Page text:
6 Chinese men arrested for 10 million baht fake gold scam in Thailand

Photo via Facebook/ ดาวแปดแฉก

Police arrested six Chinese men for selling fake gold to rich Thai people resulting in a profit of more than 10 million baht. The suspects were reported to be former members of a scam call centre gang based in Indonesia. The gang confessed that their criminal act was inspired by a television series about scammers.

One victim, a Chinese man with Thai citizenship, reported to the police that he had been approached by a Chinese gang who offered to sell him gold. According to their story, the gang discovered the gold at a historical site located in the central province of Phra Nakhon Si Ayutthaya. The victim, convinced by their tale, paid 500,000 baht for the gold, only to discover later that it was fake gold.

After conducting an investigation, the authorities were able to locate and apprehend two members of the gang at the Hua Lamphong Railway Station in Bangkok yesterday. This eventually led to the capture of the remaining four gang members at a luxurious hotel in the Ratchada area of Bangkok.

The suspects were identified as 44 year old Zhong Xiaochong, 45 year old Li Xiaoyuan, 54 year old Zheng Nanjing, 51 year old Yang Suiyuan, 48 year old Zhu Zhihua, and 49 year old Guo Xianyu.

Officers confiscated 179 pieces of fake gold, 10 fake gold statutes, 8 gold sheets, 24 ATM cards, 12 mobile phones, and a piercing saw.

According to police, the gang gathered the names of wealthy Thai-Chinese citizens and used their scam call centre skills to contact each person to offer them gold. If a victim expressed interest, they would set up a meeting to prove that the gold was real.

During the meeting, the Chinese gang would cut a piece of the gold bar and give it to the victim to check if it was real or not. The piece given to the victim would always be real gold, as the gang managed to mix real gold inside the fake pieces.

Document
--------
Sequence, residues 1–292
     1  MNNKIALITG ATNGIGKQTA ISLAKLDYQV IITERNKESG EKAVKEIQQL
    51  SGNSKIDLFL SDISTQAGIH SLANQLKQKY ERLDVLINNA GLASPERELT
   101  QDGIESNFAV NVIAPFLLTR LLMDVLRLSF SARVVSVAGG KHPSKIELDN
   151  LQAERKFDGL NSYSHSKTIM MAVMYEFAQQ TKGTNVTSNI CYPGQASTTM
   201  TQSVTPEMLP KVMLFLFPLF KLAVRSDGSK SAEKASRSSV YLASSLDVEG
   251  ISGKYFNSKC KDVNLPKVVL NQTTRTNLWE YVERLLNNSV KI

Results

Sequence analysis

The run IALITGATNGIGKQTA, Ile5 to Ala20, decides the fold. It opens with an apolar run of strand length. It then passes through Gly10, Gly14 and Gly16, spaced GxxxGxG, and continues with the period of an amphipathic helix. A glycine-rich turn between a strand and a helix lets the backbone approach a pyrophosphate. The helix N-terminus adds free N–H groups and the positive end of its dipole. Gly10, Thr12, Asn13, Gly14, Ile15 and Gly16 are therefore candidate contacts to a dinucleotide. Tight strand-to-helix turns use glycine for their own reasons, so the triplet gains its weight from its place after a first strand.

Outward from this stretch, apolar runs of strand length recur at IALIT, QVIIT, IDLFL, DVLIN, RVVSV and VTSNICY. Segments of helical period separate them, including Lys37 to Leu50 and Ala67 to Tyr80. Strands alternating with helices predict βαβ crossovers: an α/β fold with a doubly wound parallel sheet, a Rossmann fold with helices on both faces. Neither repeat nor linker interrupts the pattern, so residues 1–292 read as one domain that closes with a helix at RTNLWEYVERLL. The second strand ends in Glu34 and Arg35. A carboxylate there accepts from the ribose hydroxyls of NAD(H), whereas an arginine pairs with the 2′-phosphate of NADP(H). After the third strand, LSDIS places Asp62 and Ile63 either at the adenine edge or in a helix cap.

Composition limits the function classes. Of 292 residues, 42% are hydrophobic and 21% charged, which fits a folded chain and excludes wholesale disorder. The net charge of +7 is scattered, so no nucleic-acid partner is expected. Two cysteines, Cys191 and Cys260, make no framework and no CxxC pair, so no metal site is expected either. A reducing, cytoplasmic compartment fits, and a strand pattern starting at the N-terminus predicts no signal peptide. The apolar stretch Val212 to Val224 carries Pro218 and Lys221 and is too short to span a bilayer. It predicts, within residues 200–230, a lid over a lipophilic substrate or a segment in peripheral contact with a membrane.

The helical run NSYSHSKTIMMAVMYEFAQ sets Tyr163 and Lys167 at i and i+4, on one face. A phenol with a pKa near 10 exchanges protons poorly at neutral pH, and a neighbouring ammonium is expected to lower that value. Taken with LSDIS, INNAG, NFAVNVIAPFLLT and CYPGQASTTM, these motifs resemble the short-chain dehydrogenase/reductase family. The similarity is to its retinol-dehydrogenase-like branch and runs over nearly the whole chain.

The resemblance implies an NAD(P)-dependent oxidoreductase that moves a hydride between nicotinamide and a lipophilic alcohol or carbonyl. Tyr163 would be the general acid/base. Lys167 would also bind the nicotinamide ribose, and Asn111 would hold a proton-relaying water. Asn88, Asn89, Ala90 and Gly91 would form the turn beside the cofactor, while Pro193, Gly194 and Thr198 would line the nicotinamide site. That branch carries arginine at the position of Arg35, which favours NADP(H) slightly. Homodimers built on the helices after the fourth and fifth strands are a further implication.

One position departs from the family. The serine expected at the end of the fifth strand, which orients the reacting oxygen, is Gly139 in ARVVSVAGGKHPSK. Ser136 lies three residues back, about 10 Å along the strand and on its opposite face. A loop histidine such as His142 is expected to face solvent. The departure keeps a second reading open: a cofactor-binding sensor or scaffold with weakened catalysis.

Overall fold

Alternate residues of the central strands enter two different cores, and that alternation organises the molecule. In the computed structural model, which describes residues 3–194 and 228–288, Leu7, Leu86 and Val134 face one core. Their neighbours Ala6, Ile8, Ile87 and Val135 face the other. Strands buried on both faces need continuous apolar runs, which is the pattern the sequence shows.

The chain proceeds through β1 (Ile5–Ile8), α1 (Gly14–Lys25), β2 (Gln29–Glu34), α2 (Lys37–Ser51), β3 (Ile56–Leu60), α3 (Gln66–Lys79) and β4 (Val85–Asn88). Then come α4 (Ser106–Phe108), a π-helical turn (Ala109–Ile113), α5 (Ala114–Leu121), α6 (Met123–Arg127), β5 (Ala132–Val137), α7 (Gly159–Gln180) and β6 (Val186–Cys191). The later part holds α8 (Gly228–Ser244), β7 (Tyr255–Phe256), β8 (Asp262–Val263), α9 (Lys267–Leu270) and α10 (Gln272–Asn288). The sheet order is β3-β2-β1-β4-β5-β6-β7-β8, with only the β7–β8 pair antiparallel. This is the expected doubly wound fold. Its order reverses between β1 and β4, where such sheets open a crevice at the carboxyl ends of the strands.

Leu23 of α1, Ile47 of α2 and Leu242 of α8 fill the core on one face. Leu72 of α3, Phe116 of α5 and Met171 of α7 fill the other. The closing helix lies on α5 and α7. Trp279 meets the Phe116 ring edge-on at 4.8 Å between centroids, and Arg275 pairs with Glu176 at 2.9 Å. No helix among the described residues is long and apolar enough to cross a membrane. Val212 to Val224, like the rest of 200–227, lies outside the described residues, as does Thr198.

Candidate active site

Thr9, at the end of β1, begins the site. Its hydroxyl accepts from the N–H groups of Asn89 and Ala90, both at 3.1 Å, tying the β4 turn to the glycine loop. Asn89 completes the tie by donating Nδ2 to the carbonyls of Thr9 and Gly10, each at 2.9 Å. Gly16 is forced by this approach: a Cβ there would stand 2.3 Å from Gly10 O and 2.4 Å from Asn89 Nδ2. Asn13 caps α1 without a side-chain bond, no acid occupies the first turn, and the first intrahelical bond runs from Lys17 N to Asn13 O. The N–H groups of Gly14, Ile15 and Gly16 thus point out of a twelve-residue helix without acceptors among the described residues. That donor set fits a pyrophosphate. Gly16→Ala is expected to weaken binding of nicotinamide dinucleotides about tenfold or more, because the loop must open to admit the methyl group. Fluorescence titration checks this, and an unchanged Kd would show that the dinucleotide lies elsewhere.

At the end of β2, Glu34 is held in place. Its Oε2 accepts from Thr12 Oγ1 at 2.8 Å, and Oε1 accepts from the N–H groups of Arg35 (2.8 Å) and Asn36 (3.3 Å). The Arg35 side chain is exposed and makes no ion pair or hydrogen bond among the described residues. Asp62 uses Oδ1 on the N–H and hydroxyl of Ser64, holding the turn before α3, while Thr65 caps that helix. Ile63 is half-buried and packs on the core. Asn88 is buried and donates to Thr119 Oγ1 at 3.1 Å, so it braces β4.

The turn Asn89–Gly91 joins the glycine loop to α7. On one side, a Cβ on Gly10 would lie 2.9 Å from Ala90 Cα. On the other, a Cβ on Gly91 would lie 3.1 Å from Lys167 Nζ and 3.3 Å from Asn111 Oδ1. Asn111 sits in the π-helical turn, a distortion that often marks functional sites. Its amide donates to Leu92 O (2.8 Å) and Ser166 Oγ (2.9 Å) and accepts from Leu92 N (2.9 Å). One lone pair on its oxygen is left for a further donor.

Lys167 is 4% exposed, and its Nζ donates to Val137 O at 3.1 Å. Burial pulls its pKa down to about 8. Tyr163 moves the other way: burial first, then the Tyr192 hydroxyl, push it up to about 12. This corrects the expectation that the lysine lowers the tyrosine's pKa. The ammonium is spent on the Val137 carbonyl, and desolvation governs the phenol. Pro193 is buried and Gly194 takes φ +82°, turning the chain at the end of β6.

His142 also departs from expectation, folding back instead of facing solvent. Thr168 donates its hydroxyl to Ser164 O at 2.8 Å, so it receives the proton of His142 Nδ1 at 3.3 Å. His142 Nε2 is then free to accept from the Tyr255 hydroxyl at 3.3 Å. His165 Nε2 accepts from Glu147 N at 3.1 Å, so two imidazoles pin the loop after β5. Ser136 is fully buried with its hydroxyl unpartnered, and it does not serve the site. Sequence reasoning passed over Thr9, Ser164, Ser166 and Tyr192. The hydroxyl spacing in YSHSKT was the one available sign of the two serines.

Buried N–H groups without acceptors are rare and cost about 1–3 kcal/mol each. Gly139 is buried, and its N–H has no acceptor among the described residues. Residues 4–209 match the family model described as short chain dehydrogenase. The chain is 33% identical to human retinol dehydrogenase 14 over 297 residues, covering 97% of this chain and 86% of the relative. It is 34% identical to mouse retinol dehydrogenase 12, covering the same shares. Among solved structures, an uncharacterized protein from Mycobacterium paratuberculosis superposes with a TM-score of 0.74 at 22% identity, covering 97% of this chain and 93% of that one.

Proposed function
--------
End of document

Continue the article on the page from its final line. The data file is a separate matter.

The suspects disclosed that their hometown was in Jiangxi province in China, and all of the fake gold was imported from China. They were in a scam call centre gang in Indonesia before moving to Thailand and were inspired by a series about scammers.

Teeradate Thammasutee, the Commander of the Investigation Department of the Metropolitan Police Bureau, declared that the gang was a serious and proficient social menace and that there were still more than six members of the group at large. The authorities will carry out further investigations to ensure that the entire network is brought to justice.

Teeradate also issued a warning to the Thai-Chinese community to remain vigilant against the fake gold scam and urged gold shops to report to the police if any customers asked them to authenticate a small piece of gold as they could be victims of the gang’s scheme.

The Chinese suspects have been charged with violating Section 334 of the Criminal Law, which relates to the fraudulent taking of another person’s property. The punishment for this offence is a prison term of up to three years and a fine of up to 60,000 baht.

Additionally, they have been charged with violating Section 210 of the Criminal Law, which states that any group of five or more individuals who conspire to commit a crime shall be punished with a prison sentence of up to five years, a fine of up to 100,000 baht, or both.

Chinese fake gold
The counterfeit gold | Photo via Facebook/ ดาวแปดแฉก
Chinese selling fake gold
The counterfeit gold | Photo via Facebook/ ดาวแปดแฉก

Crime NewsThailand News

Petch Petpailin

Petpailin, or Petch, is a Thai translator and writer for The Thaiger who focuses on translating breakingThai news stories into English. With a background in field journalism, Petch brings several years of experience to the English News desk at The Thaiger. Before joining The Thaiger, Petch worked as a content writer for several known blogging sites in Bangkok, including Happio and The Smart Local. Her articles have been syndicated by many big publishers in Thailand and internationally, including the Daily Mail, The Sun and the Bangkok Post. She is a news writer who stops reading news on the weekends to spend more time cafe hopping and petting dwarf shrimp! But during office hours, you can find Petch on LinkedIn and you can reach her by email at petch@thethaiger.com.

Related Articles